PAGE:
Abortion activists frequently argue that abortion should be a private “choice” between a woman and her doctor. But when millions of taxpayers are forced to pay for that choice – one that results in the destruction of a human life – abortion becomes a public issue in an unmistakable way.
On May 28, President Joe Biden released his proposed budget for fiscal year 2022. His $6 trillion plan made headlines for what it included as much as for what it omitted – namely, the Hyde Amendment. The amendment, a budget rider that prohibits federal funding for abortion and is responsible for saving millions of lives, wasn’t mentioned once. But polling shows that a majority of Americans oppose taxpayer-funded abortion.
While abortion activists criticize Biden for avoiding the word “abortion,” he is continuously proving to be their ally.
This latest move marks a turning point for Biden, who once supported the Hyde Amendment. For decades, he voted against abortion and for Hyde. But he noticeably flipped on the issue as he prepared for the 2020 election and ran on the Democratic Party platform that called to “repeal the Hyde Amendment.” In 2019, Biden condemned Hyde – the day after he reaffirmed his support for it.
First introduced in 1976 by Representative Henry Hyde from Illinois, the Hyde Amendment bans federal funding – taxpayer dollars – from going towards abortion, with the exceptions of rape, incest, or to save the life of the mother. The legislative provision, approved annually by Congress, largely impacts Medicaid recipients.
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“If I believe health care is a right, as I do, I can no longer support an amendment that makes that right dependent on someone’s ZIP code,” Biden reasoned when he switched his position.
But poll after poll finds that Americans feel differently. While a majority of Americans identify as “pro-choice,” nearly six in ten Americans oppose using tax dollars to pay for abortion, according to a Knights of Columbus/Marist poll published earlier this year. That includes a “majority of independents (65%) and a notable proportion of Democrats (31%)” who oppose taxpayer funding.
As Rebecca Downs previously reported for Townhall.com, “when respondents are accurately informed that the debate is over taxpayers funding elective abortions,” they express support for Hyde.
The amendment makes a difference: Millions are alive today because of Hyde. According to Dr. Michael New at the Charlotte Lozier Institute, the research arm of pro-life group Susan B. Anthony List, Hyde has saved more than 2.4 million lives.
But in response to Biden’s budget, abortion supporters made Hyde about something very different.
“President Biden’s budget, which proposes ending the Hyde Amendment, is a historic step in the fight for reproductive freedom,” Planned Parenthood President Alexis McGill Johnson praised in a statement.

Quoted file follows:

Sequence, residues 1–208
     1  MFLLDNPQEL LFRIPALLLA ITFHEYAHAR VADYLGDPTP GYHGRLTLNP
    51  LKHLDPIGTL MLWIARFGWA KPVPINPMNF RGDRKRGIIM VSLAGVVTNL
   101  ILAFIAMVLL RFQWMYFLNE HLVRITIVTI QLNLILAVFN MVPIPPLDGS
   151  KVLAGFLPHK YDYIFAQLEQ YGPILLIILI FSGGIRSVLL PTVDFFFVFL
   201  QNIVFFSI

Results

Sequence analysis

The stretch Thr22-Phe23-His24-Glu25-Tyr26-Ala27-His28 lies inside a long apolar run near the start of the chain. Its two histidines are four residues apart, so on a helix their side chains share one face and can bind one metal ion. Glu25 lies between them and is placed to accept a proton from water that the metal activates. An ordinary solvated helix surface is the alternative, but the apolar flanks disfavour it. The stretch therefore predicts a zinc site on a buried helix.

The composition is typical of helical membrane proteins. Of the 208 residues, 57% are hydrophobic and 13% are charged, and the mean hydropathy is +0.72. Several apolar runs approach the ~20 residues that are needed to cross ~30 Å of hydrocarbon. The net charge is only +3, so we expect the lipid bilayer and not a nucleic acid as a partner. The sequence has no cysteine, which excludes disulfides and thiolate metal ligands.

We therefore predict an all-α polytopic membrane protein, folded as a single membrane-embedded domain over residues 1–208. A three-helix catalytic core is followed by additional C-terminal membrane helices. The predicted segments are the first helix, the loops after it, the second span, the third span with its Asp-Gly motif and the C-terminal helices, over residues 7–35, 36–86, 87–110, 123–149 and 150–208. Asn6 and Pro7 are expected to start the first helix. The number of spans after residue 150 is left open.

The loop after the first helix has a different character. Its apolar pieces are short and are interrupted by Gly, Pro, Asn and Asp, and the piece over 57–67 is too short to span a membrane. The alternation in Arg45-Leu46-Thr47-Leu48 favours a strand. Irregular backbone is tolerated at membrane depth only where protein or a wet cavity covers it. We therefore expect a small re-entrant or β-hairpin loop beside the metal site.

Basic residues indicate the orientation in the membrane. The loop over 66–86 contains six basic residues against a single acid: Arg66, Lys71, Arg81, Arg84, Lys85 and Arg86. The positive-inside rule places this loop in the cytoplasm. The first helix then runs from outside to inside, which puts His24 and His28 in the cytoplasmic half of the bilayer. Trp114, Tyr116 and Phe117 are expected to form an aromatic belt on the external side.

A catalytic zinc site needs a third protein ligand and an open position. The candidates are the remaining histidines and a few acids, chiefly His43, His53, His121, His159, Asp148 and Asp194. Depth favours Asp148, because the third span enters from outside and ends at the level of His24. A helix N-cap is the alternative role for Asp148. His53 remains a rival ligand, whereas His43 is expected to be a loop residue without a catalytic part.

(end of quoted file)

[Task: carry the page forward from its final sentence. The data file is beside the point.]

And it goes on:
This was about a “personal health care decision,” the head of the nation’s largest abortion provider said.
“For far too long, the Hyde Amendment has put the government in control of a personal health care decision for many people with low incomes,” she added.
According to her, Planned Parenthood and the Biden administration were partners in this: “We will keep working with the administration and Congress to end the Hyde Amendment and all other abortion restrictions.”
For their part, Planned Parenthood and abortion activists argue that Hyde is a racist policy that targets low-income women of color because these women are more likely to be insured through Medicaid. And yet, they don’t say, Medicaid is a cooperative program between federal and state governments – so states can still choose to fund abortions on their own.
One thing is clear: African-American women tend to obtain proportionately more abortions. A CDC report released last year compiled data from 31 areas that reported race/ethnicity data for 2018. It found that “non-Hispanic White women and non-Hispanic Black women accounted for the largest percentages of all abortions (38.7 percent and 33.6 percent, respectively),” while “non-Hispanic Black women” had the highest abortion rate and ratio. But, at the same time, African-Americans make up only 13 percent of the U.S. population.
Instead of pointing to abortion as the quick and easy solution to unplanned pregnancies, pro-life advocates call for a support system for pregnant women and new moms by focusing on the more complex questions of how to provide better health care, prenatal care, housing, and childcare options – services which many pregnancy centers provide for free.
In other words, this isn’t about a “personal choice” or “controlling women’s bodies and freedom” to the pro-life movement. This is about something else: forcing someone who recognizes the inherent dignity and worth of every human person – from the moment of conception – to violate his or her conscience. It’s about being complicit in the intentional destruction of innocent human life.
LifeNews Note: Katie Yoder writes for Town Hall and National Review, where this column originally appeared.